Rock Springs, Wyoming — The first performance of the Community Fine Arts Center’s season is The Rice Brothers in concert at the Rock Springs High School Theater at 7 p.m. on Saturday, Oct. 5.
Tickets are available at the CFAC and at the performance.
“Not your normal formal classical musicians, Johnny and Chris Rice walk onto the stage casual and friendly,” said Debora Soule, CFAC director. “But don’t let that fool you, they are award-winning, outstanding artists whose music will draw the audience in and reach into your soul.”
Both brothers started their life of music at very young ages. The story from their biography explains how it happened.
“When did their parents, neither of whom claims to have a whit of musical skill, first realize that Johnny and Chris had a love for music? It was during a trip from their hometown of Phoenix, Arizona, to Disneyland that 3-year-old Johnny was mesmerized by a pianist who was playing Ragtime and Boogie Woogie on Main Street. When asked by his Dad if he wanted to learn to play the piano, Johnny responded with a heartfelt “YES!”
“Lessons started at age four and soon it was apparent that this young boy had a real gift for music. Little brother Chris, not wanting to be left out, started piano lessons at the age of two! Before long, they both began learning cello. Soon, the young Rice brothers were being invited to play music at family gatherings, church events, schools and retirement communities. They loved learning the music of the masters—Beethoven, Bach, Liszt— and because of their pride in their Polish heritage, especially Chopin. But that Ragtime from the hands of their very first mentor, Disneyland’s Johnny Hodges, stuck with them. Because of that early encounter, The Rice Brothers have always loved sharing the full spectrum of great music with their audiences, knowing its power to communicate with and transform a listener.”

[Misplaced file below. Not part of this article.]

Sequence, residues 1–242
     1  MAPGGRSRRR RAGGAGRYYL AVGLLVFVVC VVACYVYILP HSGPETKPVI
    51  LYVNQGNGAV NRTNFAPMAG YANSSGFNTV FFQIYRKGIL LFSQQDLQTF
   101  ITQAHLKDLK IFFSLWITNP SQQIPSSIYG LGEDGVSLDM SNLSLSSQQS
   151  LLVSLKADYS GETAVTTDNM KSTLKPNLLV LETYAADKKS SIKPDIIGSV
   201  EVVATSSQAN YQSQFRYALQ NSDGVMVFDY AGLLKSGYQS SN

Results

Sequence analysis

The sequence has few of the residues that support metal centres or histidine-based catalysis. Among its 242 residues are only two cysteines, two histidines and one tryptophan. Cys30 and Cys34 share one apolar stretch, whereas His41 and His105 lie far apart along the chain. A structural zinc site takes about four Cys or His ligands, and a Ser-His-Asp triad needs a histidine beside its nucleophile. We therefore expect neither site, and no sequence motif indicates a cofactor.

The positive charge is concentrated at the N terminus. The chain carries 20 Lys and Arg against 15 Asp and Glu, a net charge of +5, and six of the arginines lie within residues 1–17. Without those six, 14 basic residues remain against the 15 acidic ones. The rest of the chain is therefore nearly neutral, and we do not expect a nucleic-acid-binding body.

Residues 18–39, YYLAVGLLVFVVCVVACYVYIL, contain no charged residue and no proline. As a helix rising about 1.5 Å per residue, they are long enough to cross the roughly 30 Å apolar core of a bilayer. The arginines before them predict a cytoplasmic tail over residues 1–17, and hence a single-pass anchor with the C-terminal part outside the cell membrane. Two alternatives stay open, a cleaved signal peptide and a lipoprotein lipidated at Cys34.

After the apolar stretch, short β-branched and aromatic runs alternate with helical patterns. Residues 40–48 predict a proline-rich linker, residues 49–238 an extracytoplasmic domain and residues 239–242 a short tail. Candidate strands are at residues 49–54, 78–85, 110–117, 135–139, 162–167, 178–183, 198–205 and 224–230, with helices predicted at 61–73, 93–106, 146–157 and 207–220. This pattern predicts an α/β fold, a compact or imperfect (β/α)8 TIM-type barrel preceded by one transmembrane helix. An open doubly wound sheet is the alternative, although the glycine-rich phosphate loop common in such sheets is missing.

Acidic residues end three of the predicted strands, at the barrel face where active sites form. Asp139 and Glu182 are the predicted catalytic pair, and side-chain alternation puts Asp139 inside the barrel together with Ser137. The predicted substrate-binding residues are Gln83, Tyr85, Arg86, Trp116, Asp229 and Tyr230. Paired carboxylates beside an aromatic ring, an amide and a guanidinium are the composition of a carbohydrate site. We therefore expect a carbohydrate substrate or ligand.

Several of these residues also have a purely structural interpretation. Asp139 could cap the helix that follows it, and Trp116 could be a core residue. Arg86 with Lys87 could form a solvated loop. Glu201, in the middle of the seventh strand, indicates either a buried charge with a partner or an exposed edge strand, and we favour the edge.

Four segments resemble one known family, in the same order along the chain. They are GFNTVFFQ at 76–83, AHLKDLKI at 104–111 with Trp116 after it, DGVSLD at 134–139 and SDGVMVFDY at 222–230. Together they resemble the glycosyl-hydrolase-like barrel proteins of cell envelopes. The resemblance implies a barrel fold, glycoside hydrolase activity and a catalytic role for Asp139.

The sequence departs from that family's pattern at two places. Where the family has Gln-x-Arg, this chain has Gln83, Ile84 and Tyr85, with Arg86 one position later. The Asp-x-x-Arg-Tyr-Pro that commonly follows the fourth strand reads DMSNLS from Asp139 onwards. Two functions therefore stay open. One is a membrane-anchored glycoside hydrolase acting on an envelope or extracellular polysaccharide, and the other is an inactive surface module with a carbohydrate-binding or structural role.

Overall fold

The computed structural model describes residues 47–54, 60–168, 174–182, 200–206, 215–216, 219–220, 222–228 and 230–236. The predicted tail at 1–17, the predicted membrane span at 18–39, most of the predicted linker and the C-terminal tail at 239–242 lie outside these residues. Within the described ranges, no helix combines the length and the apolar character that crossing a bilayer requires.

Years of training from world-class teachers have provided both brothers the skills that have made them the consummate artists they are today. On piano they were both accepted into the studio of internationally renowned pianist and Arizona State University Professor Robert Hamilton. Studies with Johannes Kropfitsch, director of Piano at the Vienna Conservatory, contributed to their deep exploration into the nuances that allow the highest levels of musicality to blossom.
On cello they received more than a decade of rigorous training from Taki Atsumi, long-time president of the American Cello Congress and professor at Arizona State University. The Rice Brothers also received coaching from international icons such as Mstislav Rostropovich (who said to their father, “You need to understand … your sons are massively talented!”) and Eugene Friesen, Grammy Award-winning jazz cellist.
Full of energy and commitment, armed with the finest training imaginable, and winners each of gold medals in an international Chopin competition, The Rice Brothers emerged onto the world stage as inspiring artists.
They were invited to perform their debut concert in New York City’s Carnegie Hall, where their performance thrilled the audience and elicited multiple standing ovations. They have been enthusiastically received by audiences of all ages and walks of life in venues throughout America and in Europe. They have offered their music in large performing arts centers and churches, as well as in house concerts and in classrooms settings.
With all of their success The Rice Brothers, Johnny and Chris, are “still the same sweet and friendly guys from Phoenix, devoted to sharing the beauty of music, knowing that great music, regardless of the genre, has a unique way of reaching deeply into the human heart.”
For more information, contact the Community Fine Arts Center. Hours are Monday through Thursday 10 a.m. to 6 p.m. and Friday and Saturday noon to 5 p.m.